Kids want a lot of things. Sometimes because they really like them, and sometimes because everyone else has them. Does that mean they really need all those things? More importantly, will having those things make their lives better and their childhood happier? Most of the times, it won’t, and parents are the ones who have to recognize that difference. Giving your kids everything they want can lead to them never learning the difference between wanting and needing something. It can speed up their childhood in various ways – from 6-year olds playing video games to 13-year old girls shopping at Victoria Secret. So, how can you prevent this – by learning how to say “NO” when you realize that “YES” would only be unproductive and harmful.

Start from Yourself

Children look up to their parents, and before you start criticizing them over their unrealistic desires, stop to think if you gave them a reason to think it is normal to get everything you want. So ask yourself, do you often buy things you don’t need, do you envy the lifestyles of celebrities, are you unable to control how much you spend when shopping, do you use shopping as a means of escape, do you use your stuff to impress others, do you speak often about the material things you want?

Differentiate Wants from Needs

Differentiating wanting from needing is just as important for adults as it is for children, only in the latter case, you have to make that difference for them (especially in their early age). They really need a roof over their heads, food, school supplies and clothes. Toys and the latest technology fads are a bit lower on the priority list. Even the first category has its variations. Although they really need clothes, they don’t need to have the most expensive ones. You should search for quality pieces and dresses at low price, instead of chasing for famous brands.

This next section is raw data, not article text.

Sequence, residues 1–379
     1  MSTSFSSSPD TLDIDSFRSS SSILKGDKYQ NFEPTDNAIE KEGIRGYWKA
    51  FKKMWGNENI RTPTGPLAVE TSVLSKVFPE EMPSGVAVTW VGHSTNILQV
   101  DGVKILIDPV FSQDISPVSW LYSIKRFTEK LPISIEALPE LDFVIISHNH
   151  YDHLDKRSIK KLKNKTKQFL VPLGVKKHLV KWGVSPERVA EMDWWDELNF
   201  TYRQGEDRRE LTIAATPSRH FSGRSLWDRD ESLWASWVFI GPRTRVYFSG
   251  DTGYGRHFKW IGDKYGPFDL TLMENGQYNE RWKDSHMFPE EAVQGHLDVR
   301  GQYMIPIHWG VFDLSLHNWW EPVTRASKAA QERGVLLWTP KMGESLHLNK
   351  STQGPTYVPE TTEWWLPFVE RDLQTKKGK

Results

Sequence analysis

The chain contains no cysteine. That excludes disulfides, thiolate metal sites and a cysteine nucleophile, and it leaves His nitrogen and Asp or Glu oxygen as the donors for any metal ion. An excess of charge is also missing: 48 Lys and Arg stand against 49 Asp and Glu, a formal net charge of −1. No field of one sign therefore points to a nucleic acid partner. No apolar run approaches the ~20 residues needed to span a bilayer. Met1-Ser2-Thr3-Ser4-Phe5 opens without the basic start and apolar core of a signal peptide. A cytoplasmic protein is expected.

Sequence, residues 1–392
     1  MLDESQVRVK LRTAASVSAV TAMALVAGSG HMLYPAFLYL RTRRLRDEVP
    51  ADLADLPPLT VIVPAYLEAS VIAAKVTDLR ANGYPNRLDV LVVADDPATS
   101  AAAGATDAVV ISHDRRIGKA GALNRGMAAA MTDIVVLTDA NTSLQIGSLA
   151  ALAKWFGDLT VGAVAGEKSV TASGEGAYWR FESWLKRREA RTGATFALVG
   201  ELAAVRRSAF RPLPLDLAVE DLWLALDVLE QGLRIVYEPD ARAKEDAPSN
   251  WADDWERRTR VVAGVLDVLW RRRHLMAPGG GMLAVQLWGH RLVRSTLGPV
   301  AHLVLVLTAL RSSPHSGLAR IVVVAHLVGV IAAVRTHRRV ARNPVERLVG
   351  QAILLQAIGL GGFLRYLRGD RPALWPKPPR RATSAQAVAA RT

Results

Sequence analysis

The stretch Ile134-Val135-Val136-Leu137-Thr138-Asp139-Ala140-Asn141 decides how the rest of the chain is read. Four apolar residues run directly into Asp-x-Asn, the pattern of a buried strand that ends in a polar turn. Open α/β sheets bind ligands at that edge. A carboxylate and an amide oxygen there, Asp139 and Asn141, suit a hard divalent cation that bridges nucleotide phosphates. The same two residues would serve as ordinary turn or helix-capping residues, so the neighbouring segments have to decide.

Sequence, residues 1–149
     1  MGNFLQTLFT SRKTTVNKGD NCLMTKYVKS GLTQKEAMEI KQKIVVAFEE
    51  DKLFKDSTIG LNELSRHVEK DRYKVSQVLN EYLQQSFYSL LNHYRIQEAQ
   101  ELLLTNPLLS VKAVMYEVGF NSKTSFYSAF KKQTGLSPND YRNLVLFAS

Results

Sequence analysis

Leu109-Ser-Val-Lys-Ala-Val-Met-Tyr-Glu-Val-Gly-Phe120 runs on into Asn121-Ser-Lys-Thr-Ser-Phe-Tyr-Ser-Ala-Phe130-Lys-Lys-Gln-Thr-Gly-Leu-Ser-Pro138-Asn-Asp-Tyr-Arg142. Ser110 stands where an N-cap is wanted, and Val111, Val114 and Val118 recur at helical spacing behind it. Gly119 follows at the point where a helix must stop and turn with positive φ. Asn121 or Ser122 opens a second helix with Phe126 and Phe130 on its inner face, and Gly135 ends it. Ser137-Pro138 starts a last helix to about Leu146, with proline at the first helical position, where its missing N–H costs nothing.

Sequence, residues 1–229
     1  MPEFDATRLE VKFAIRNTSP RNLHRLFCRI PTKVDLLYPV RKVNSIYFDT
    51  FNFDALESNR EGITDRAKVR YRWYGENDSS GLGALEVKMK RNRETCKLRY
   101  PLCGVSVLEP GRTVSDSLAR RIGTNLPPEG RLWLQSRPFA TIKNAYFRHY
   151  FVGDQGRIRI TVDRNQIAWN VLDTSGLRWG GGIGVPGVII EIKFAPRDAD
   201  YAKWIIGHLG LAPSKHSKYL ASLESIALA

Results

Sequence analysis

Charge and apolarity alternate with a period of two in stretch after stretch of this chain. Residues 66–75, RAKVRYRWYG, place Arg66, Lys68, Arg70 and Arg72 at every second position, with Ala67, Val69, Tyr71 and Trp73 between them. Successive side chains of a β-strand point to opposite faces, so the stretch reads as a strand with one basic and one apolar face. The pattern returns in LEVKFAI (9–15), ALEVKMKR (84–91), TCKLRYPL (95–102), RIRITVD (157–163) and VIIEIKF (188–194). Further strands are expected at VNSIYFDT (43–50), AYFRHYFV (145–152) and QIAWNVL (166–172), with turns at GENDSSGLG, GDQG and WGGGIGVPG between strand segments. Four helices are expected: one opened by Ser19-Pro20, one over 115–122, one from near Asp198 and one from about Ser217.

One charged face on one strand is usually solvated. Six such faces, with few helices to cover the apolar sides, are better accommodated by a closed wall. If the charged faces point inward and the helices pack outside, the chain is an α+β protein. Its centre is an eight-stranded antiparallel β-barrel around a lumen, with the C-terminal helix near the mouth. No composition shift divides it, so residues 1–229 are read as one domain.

Show Understanding

You have to understand that wanting something they don’t need doesn’t make kids greedy and materialistic. Kids use those toys and commercial goods to bond with each other and ease their socialization. Toys, technology and commercial experiences (movies, video games, TV shows etc.) make them part of the world they are living in, so don’t rush to label your child as rapacious.

A Proper Way to Respond to Requests

It doesn’t matter if you want to say ‘yes’ or ‘no’ to your children’s requests, you still have to listen to them, and pay special attention to the way they formulated their question. If the question is polite, praise them for their good manners; if not, tell them they should ask in a nicer way. Take a few moments to understand what they’re asking for and why, and show some empathy (“I can see why you would want that”). Take a brief pause to think about the request and only then make your decision.

How to Say No?

If your answer is ‘no’, you need to explain why you have made such a decision. It can be hard seeing your kid disappointed, but you should never turn ‘no’ into a ‘maybe’ because of a sad face. Stick to your decision or else you will have problems every time you face such demands. Offering a fair trade is a neat way to avoid tantrums, while still not compromising your decision. Maybe you can’t buy chocolate cake in the store, but you can make some brownies at home.

Prevention Is the Best Cure

‘No’ is a hard thing to say and even harder to hear. Solve that by reducing the need to answer kids’ questions with ‘no’. Set some ground rules, such as talking to kids prior to shopping (e.g. you can choose two items, but you can’t ask for the ones with two or more figures on the price tag). You can also try to negotiate. For example, “I can’t buy the big robot, but how about this book about robots?”

Children might be whining and craving for new iPads, talking dolls and sparkly stuff, but deep down, they are actually hungry for something that goes beyond material – love, attention and understanding.

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Tracey-ClaytonTracey Clayton is a full time mom of three girls. She feels she knows a thing or two about raising happy, healthy and confident kids, and offers helpful advice in hers parenting articles. Her motto is: “Live the life you love, love the life you live.”

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